It’s hard to overstate the importance of running the right propeller on your boat – whether you’re a top-notch professional angler or weekend recreation warrior. Your propeller is where it all comes together. Where technology meets the water. Where power becomes performance.
Understanding the basic science behind propeller design will help you understand their importance – and help you choose the Mercury prop that best suits your needs and meets your expectations on the water. For a richer, more satisfying boating experience.
How Propellers Work
The “Push/Pull” Concept
To understand this concept, let us freeze a propeller just at the point where one of the blades is projecting directly out of the page (Figure 3-1). This is a right-hand rotation propeller, whose projecting blade is rotating from top to bottom and is moving from left to right. As the blade in this discussion rotates or moves downward, it pushes water down and back as is done by your hand when swimming. At the same time, water must rush in behind the blade to fill the space left by the downward moving blade. This results in a pressure differential between the two sides of the blade: a positive pressure, or pushing effect, on the underside and a negative pressure, or pulling effect, on the top side. This action, of course, occurs on all the blades around the full circle of rotation as the engine rotates the propeller. So the propeller is both pushing and being pulled through the water.
These pressures cause water to be drawn into the propeller from in front and accelerated out the back, just as a household fan pulls air in from behind it and blows it out toward you (Figure 3-2 below).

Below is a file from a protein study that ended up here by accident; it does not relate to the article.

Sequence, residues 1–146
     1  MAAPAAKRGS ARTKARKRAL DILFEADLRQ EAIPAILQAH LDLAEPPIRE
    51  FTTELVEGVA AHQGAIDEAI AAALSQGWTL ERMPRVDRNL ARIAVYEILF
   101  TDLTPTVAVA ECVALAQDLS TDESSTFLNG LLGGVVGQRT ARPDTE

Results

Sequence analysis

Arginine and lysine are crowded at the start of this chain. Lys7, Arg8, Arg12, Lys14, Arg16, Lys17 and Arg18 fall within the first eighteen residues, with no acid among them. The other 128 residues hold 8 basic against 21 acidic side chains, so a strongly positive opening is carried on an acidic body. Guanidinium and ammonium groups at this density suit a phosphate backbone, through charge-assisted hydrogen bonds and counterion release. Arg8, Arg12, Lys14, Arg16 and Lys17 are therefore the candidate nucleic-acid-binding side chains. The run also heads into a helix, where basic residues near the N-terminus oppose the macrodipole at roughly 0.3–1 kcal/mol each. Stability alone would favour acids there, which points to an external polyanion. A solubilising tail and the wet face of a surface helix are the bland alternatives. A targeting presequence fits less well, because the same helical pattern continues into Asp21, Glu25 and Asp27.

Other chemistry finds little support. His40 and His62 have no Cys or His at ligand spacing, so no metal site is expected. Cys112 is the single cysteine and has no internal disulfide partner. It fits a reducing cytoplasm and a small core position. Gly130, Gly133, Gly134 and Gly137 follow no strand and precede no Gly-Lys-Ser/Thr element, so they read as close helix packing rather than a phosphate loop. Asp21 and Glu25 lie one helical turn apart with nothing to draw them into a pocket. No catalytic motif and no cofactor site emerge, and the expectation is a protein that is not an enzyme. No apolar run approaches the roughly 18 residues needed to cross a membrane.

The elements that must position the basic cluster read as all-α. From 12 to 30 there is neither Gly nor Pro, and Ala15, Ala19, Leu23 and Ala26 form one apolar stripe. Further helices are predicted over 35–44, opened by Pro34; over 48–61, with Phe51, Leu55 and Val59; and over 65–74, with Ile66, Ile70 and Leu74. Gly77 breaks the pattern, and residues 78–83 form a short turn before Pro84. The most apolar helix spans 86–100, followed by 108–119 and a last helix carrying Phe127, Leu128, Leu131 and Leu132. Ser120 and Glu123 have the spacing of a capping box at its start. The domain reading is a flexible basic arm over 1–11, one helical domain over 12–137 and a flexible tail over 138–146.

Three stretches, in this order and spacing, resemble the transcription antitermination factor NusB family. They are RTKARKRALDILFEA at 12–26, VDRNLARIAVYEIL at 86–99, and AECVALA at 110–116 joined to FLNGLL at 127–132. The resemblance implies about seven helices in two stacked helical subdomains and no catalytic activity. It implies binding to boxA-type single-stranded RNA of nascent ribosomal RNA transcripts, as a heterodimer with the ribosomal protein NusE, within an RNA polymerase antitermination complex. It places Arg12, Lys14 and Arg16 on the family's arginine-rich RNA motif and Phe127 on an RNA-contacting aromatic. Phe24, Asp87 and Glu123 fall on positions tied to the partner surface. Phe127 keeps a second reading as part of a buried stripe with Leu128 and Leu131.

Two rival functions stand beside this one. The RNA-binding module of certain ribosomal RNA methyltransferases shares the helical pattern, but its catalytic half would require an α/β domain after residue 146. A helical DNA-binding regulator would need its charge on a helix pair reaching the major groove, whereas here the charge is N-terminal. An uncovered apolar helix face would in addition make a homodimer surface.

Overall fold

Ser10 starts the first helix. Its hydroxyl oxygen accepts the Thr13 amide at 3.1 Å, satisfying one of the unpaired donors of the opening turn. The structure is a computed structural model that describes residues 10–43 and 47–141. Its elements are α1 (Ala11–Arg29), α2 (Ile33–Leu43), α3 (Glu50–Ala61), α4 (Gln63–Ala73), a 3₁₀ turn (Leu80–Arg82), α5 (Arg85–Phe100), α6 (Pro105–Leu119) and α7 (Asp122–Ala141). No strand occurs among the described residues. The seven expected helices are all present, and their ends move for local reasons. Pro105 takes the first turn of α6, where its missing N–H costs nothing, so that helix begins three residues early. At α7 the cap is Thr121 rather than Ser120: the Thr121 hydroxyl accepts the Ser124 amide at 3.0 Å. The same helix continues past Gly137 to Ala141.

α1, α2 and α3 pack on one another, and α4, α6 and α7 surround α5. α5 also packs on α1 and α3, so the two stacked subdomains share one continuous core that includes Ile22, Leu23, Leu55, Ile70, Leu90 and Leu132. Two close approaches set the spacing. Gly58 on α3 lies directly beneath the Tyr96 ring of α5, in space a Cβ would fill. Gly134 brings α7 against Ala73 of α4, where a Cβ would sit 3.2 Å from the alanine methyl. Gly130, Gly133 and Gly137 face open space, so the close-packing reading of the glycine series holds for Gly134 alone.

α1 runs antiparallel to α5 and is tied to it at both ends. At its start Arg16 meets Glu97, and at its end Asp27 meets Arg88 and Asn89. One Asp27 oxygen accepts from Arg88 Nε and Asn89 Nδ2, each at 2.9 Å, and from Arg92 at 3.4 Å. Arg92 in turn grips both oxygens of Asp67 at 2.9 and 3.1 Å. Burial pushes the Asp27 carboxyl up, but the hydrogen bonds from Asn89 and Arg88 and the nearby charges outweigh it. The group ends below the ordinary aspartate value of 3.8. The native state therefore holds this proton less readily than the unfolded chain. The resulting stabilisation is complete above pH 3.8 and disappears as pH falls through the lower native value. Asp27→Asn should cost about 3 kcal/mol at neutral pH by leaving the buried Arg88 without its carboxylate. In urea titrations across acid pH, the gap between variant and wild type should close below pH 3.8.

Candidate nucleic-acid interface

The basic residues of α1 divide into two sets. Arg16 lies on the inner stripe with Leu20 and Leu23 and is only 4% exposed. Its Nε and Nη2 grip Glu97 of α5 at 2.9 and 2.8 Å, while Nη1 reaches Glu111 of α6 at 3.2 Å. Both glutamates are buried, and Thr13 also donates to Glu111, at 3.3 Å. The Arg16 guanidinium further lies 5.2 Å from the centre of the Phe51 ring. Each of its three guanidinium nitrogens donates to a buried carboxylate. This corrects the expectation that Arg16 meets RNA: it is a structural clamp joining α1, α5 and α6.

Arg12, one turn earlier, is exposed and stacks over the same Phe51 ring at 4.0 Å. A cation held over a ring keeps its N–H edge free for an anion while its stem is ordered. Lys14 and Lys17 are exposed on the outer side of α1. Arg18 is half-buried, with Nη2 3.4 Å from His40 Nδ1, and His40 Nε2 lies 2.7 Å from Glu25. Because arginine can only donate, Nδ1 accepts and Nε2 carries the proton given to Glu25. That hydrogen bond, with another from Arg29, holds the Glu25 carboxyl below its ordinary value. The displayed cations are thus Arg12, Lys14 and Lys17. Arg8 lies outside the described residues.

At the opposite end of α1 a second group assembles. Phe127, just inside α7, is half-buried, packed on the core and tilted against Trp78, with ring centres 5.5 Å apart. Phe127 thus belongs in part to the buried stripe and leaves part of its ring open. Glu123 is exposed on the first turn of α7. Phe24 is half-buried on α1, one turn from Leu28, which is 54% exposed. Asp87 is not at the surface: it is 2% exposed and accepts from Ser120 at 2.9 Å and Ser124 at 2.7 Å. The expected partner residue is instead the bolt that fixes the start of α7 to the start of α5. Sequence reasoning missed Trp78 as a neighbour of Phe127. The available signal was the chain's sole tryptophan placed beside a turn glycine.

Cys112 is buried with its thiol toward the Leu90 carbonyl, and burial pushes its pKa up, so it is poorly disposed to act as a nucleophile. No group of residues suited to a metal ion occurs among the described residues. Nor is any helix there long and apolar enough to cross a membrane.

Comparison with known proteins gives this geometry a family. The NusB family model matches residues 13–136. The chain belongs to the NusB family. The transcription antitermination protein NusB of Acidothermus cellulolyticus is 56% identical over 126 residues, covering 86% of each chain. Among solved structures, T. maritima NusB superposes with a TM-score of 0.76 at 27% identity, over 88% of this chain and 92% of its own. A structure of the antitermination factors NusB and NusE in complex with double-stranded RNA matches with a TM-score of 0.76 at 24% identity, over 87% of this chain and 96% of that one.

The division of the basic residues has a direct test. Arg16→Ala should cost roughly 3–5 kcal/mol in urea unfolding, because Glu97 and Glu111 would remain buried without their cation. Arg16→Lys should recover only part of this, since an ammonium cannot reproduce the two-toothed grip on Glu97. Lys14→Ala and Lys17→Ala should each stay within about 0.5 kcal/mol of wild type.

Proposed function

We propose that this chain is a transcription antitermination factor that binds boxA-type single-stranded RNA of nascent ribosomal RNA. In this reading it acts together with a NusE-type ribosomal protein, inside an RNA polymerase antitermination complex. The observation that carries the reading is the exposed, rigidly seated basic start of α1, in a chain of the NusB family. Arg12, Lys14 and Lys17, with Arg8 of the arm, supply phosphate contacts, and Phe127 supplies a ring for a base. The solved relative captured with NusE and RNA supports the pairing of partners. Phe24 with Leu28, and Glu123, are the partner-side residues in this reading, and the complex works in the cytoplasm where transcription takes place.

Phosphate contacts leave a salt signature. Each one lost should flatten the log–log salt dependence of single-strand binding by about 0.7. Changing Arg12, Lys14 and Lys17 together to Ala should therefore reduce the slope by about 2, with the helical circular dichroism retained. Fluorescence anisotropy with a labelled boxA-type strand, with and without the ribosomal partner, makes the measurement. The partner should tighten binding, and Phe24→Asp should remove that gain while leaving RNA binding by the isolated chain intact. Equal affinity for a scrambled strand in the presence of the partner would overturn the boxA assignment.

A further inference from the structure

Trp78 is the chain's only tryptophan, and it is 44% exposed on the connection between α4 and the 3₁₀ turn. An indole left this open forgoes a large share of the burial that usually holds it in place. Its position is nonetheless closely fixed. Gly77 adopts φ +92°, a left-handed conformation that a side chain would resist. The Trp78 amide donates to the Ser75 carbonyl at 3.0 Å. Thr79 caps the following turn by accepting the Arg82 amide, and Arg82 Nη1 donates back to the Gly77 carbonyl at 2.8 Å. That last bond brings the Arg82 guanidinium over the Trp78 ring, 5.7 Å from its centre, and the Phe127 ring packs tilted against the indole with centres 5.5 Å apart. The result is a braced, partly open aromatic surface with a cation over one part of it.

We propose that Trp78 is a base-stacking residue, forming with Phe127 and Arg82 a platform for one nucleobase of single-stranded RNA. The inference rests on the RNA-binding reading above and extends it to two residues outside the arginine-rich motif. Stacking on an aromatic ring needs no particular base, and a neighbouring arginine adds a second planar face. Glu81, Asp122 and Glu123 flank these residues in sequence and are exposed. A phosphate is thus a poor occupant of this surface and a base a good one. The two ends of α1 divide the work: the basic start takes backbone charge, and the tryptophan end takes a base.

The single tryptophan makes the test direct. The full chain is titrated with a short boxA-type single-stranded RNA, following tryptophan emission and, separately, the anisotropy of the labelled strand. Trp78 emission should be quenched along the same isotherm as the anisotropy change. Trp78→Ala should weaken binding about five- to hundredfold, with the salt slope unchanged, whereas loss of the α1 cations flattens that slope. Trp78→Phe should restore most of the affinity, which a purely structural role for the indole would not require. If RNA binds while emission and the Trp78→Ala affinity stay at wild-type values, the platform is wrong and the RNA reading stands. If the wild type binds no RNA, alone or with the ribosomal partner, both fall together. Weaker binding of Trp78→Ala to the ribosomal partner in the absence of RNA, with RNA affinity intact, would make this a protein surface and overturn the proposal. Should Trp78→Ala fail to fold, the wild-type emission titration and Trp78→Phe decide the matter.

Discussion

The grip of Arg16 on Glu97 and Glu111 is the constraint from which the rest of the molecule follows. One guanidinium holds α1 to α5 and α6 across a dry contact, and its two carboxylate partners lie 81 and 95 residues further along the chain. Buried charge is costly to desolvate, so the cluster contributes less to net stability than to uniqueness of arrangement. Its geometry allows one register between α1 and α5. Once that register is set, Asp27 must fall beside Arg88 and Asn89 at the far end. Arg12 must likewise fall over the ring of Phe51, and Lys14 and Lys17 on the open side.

The marine propeller draws or pulls water in from its front end through an imaginary cylinder a little larger than the propeller diameter (Figure 3-3). The front end of the propeller is the end that faces the boat. As the propeller spins, water accelerates through it, creating a jet stream of higher-velocity water behind the propeller. This exiting water jet is smaller in diameter than the actual diameter of the propeller.
This water jet action of pulling water in and pushing it out at a higher velocity adds momentum to the water. This change in momentum or acceleration of the water results in a force which we can call thrust.
Basic Propeller Parts
The first step to understanding propellers and how they work is familiarizing yourself with the basic parts of a propeller. (Figure 2-1)
A. Blade Tip – The maximum reach of the blade from the center of the propeller hub. It separates the leading edge from the trailing
B. Leading Edge – That part of the blade nearest the boat, which first cuts through the water. It extends from the hub to the tip.
C. Trailing Edge – That part of the blade farthest from the boat. The edge from which the water leaves the blade. It extends from the tip to the hub (near the diffuser ring on through-hub exhaust propellers).
D. Cup – A small curve or lip on the trailing edge of the blade, permitting the propeller to hold water better and normally adding about 1/2″ (12.7 mm) to 1″ (25.4 mm) of pitch.
E. Blade Face – That side of the blade facing away from the boat, known as the positive pressure side of the
F. Blade Back – The side of the blade facing the boat, known as the negative pressure (or suction) side of the
G. Blade Root – The point at which the blade attaches to the hub.
H. Inner Hub – This contains the Flo-Torq rubber hub or Flo-Torq II Delrin® Hub System (Figures 2-2 and 2-3).
The forward end of the inner hub is the metal surface which generally transmits the propeller thrust through the
forward thrust hub to the propeller shaft and in turn, eventually to the boat.
I. Outer Hub – For through-hub exhaust propellers. The exterior surface is in direct contact with the water. The
blades are attached to the exterior surface. Its inner surface is in contact with the exhaust passage and with the
ribs which attach the outer hub to the inner hub.
J. Ribs – For through-hub exhaust propellers. The connections between the inner and outer hub. There are
usually three ribs, occasionally two, four, or five. The ribs are usually either parallel to the propeller shaft
(“straight”), or parallel to the blades (“helical”).